Outset Medical gets $76.5M to bring dialysis first to the 21st century, then to the home

Outset Medical has raised $76.5 million in a series C round led by T. Rowe Price Associates. In addition to new investor T. Rowe Price Associates, existing investors Fidelity Management & Research Company, Partner Fund Management LP, Warburg Pincus, Perceptive Advisors and The Vertical Group also participated. This round of funding bring’s the company’s total funds raised to $185.5 million.

With its flagship product Tablo, Outset is focused on innovating just about every part of the practice of kidney dialysis, a method of artificially purifying blood in patients with kidney failure.

“We’re focused on bringing dialysis into the 21st century,” CEO Leslie Trigg told MobiHealthNews. “There are a couple ways the dialysis industry looks a little bit more like the 1980s than 2017. Number one, it by and large is still a pencil and paper area of healthcare. Number two, the user experience both for patients and providers is served by technology that has not really changed in 20 or 30 years. If you think about the way that cars were designed and manufactured in 1980, imagine if the car you drove today hadn’t been updated since the 80s.”

Tablo is a unit about the size of a minifridge, which already sets it apart from larger traditional dialysis machines. Unlike current machines that have to start with purified water, which requires a massive amount of infrastructure at hospitals, Tablo can bring in tap water and purify it as part of the process. It has also been completely redesigned to be easier and faster to set up and it contains a touchscreen which displays instructions, as well as education and entertainment content.

It’s also connected. Outset recently recieved FDA clearance for a dialysis machine with two-way data communication. That means that not only can data on the treatment be sent directly to a patient’s EHR, but information about the patient that a technician used to have to enter manually to calibrate the machine can now be uploaded directly from the EHR. The two-way transmission also allows for software updates as the technology improves.

The company has attempted to identify and eliminate as many outdated parts of the dialysis process as possible.

“For example, one of the steps that’s really important in dialysis is making sure you don’t have any air bubbles in the dialyzer,” Trigg said. “Today, the method of removing air involves the technician taking the dialyzer and banging it against the side of the machine. By contrast, we have designed a proprietary algorithm that automatically removes air from both the dialyzer and the blood lines. So we’re focused on the automation of steps and elimination of steps. We were able to eliminate over 50 percent of the steps involved in setting up a dialysis machine.”

The end goal for this simplification is to have a machine operated not by a nurse or a technician, but by the patients themselves. This has already been partially realized: Although Outset needs an additional pending FDA clearance to make the device usable in the home, it has been set up in some dialysis clinics as an “in-clinic self care” offering, analogous to self-checkout stations in grocery stores.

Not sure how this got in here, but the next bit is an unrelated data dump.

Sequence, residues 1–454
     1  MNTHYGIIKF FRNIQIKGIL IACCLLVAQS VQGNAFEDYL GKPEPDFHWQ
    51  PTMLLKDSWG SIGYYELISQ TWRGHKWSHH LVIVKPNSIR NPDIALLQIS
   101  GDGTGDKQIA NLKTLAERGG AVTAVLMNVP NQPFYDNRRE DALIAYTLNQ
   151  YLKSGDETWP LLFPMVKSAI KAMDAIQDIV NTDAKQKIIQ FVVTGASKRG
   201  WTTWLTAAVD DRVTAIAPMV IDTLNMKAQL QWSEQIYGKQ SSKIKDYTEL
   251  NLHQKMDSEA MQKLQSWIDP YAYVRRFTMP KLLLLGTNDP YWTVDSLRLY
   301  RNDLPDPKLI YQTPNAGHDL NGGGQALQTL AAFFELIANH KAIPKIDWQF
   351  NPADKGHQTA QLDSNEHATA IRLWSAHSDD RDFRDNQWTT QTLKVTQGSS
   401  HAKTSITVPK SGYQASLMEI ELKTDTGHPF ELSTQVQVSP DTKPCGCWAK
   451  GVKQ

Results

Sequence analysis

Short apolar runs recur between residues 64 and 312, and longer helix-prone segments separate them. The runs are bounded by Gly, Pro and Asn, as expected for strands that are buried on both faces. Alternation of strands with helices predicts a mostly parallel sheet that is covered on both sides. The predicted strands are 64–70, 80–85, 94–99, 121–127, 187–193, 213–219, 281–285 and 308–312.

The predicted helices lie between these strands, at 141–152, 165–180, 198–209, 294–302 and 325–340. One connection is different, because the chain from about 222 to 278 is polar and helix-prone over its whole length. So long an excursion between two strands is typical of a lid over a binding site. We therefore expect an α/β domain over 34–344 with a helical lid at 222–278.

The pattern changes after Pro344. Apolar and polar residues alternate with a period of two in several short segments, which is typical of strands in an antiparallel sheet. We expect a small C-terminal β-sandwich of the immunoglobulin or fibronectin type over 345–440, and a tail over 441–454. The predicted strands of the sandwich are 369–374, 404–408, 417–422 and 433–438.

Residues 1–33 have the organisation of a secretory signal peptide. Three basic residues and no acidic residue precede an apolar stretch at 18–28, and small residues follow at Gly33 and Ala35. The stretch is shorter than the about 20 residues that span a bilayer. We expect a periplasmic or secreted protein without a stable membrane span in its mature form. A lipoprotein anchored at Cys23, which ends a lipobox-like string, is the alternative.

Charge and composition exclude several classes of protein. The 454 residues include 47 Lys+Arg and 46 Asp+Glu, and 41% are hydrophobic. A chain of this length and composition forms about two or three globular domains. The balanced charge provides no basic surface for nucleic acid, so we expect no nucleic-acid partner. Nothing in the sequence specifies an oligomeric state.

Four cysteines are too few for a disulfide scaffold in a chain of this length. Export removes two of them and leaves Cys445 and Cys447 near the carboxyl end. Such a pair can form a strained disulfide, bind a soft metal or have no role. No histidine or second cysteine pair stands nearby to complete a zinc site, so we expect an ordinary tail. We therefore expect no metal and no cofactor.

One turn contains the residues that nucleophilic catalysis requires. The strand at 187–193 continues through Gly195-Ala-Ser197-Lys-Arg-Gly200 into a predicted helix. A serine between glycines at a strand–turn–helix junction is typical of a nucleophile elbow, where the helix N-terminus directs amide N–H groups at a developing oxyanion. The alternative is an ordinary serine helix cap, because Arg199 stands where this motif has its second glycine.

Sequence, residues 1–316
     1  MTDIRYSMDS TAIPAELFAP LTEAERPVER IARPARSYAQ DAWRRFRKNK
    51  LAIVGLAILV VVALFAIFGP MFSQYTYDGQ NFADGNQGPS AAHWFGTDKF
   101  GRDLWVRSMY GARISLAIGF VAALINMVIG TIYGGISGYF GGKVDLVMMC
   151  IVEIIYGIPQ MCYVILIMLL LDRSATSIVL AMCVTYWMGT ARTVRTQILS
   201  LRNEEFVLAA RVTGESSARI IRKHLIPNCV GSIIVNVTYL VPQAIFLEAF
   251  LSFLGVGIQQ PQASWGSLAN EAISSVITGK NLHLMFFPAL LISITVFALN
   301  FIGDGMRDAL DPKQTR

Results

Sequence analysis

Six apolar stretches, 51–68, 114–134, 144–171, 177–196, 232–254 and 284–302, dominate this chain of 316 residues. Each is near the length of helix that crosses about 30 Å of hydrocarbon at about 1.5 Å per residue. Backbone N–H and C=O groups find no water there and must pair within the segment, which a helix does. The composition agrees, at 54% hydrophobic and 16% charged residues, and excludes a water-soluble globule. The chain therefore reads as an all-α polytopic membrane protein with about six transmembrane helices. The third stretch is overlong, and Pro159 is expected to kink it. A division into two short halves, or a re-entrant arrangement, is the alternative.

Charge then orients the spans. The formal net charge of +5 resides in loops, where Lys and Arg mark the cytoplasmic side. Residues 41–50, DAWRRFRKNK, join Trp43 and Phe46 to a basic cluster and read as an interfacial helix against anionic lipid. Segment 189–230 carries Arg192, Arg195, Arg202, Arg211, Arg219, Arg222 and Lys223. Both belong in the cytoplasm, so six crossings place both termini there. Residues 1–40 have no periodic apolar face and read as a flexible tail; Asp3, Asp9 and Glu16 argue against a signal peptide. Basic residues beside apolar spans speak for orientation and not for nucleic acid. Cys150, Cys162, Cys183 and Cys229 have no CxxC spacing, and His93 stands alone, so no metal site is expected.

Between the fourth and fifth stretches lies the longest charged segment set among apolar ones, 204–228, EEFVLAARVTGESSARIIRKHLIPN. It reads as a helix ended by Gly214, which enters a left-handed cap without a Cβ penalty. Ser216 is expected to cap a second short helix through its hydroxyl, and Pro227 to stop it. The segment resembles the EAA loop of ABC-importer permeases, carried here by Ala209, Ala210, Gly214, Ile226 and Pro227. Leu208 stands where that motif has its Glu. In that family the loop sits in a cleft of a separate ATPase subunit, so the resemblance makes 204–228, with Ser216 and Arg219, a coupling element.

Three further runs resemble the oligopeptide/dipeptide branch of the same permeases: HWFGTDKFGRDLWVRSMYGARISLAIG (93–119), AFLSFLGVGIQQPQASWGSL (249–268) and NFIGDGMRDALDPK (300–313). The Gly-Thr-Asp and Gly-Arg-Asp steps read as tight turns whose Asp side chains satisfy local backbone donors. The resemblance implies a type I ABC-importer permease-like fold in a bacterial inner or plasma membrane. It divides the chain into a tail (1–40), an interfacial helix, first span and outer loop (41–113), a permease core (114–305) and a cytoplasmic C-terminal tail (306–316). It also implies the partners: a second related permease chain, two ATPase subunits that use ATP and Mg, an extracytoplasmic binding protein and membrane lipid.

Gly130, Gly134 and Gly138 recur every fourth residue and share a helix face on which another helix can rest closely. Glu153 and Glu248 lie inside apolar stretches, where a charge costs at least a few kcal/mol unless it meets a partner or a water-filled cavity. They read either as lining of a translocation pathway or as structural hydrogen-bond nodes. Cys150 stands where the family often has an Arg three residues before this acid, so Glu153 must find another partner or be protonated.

“The consumerization of the complex has been done all over the place,” Trigg said. “If you look at a space like diabetes management, that’s a great example of something that used to be very complex for the user and has been made much less complex through consumer product design. So [one] way we’ve really updated this is through a consumer product-like experience for the user, and that would be everything from the form and function of Tablo, specifically designing it so it doesn’t look like a dialysis machine, to the graphic user interface, using a lot of pictures and videos and simple animations to show people how to do it so you don’t have to memorize anything. …  We really designed this 100 percent with the consumer in mind.”

Outset Medical also offers two mobile apps to improve that experience: a patient training app and a provider app that contains all the documentation on the device. A third app is in development.

“We are in development of a patient app that will transmit a more basic snapshot of the treatment data that’s flowing out of Tablo out to the cloud, and send that back to the patient,” Trigg said. “Because today patients don’t get any information at all about their treatment. How did it go? Did all the toxins get removed at the right rate and in the right amount? We aim to give patients a lot of information. All this is part of putting them in the driver’s seat of their own care.”

The company will use the funding to ramp up manufacturing, expand its sales and support teams, and complete more clinical trials. At least one additional trial will be required to get the clearance needed to bring the device into the home.

“The opportunity we see is to leverage the best of software and data analytics to open up the envelope on where, when, and who can dialyze at the end of the day,” Trigg said. “In addition to transforming the device, we’re aiming bigger than that. We’re really focused on technology-driven service innovation. How do we use new tech, not just because it’s newer and cooler and better, but because it can serve a larger purpose? And that purpose is both cost reduction, which is very acutely needed in the dialysis space for providers, but also — for the half a million people on dialysis — we see a future for a very different patient experience, one that really puts the patient in the center and lets them to control it and own it in ways that have been shown over and over again, in other areas of medicine, to provide better clinical outcomes over time.”

Welby launches three more apps for pharmas J&J, UCB, and Nippon Shinyaku

Japanese health app maker Welby announced three new apps last month developed in partnership with pharma companies. Welby will add to its lineup three apps available only in Japan: an app for irritable bowel disease patients with Johnson & Johnson subsidiary Janssen; an app for pulmonary arterial hypertension (PAH) patients with Japanese pharma company Nippon Shinyaku, and an app for rheumatoid arthritis patients with UCB Japan.

Welby’s approach to digital health tools is to work directly with large, global pharmaceutical companies on patient-facing apps. It was founded in 2011 and is licensed as a medical device company, but it has also been involved in a few different areas of health technology. The company makes an open platform for personal health records and data aggregation which can connect to medical devices, activity trackers and manual-input data from lab tests or prescriptions.

The IBD app is the company’s second app for Janssen — they launched an app for ADHD in March. The app, IBD Supli, is intended for patients with either Crohn’s disease or ulcerative colitis and allows patients to record data such as symptoms and information about bowel movements, then transmit that data securely to their care team or print out a record (including a QR code that leads to an online platform) to show their doctor. The app also provides a space for patients to jot down questions they want to ask their doctor on their next visit.